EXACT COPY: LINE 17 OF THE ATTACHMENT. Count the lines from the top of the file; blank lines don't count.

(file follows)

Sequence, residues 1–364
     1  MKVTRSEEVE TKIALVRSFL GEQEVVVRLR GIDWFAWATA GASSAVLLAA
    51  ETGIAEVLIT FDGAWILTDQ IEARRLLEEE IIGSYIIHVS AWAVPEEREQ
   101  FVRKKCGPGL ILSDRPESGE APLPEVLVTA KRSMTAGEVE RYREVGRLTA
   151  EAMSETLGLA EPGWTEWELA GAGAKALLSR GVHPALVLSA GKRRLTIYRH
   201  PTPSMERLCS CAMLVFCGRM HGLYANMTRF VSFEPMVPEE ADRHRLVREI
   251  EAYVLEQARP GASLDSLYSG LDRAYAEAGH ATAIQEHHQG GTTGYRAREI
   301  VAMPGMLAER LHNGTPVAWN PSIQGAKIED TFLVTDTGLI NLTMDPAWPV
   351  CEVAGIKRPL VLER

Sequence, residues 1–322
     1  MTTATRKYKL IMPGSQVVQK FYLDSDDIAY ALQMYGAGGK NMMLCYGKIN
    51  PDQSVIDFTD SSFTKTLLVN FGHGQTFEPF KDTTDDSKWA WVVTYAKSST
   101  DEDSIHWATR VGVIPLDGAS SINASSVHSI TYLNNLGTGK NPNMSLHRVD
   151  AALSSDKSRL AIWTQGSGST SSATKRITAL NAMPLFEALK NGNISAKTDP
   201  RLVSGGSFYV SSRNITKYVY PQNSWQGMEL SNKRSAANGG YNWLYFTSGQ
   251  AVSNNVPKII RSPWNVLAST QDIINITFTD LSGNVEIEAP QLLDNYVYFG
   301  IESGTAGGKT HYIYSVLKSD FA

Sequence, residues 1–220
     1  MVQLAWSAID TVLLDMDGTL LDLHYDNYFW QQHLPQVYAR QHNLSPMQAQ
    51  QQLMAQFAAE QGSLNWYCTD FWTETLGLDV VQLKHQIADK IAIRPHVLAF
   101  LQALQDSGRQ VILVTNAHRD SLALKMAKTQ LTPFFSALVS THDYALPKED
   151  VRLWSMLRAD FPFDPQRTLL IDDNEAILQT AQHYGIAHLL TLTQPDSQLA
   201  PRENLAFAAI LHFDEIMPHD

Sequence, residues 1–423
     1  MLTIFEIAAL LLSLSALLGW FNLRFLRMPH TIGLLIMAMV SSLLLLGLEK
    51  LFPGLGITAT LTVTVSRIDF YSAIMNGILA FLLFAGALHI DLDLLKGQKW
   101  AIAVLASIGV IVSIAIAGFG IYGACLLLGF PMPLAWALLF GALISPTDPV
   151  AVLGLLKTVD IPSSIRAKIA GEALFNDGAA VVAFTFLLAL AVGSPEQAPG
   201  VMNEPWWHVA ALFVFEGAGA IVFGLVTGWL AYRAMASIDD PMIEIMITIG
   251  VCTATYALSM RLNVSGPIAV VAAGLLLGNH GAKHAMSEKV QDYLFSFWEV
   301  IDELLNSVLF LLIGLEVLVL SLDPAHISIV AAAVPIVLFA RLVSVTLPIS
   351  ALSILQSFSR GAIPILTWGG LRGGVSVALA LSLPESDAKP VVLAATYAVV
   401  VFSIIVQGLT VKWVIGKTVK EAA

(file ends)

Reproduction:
   301  IESGTAGGKT HYIYSVLKSD FA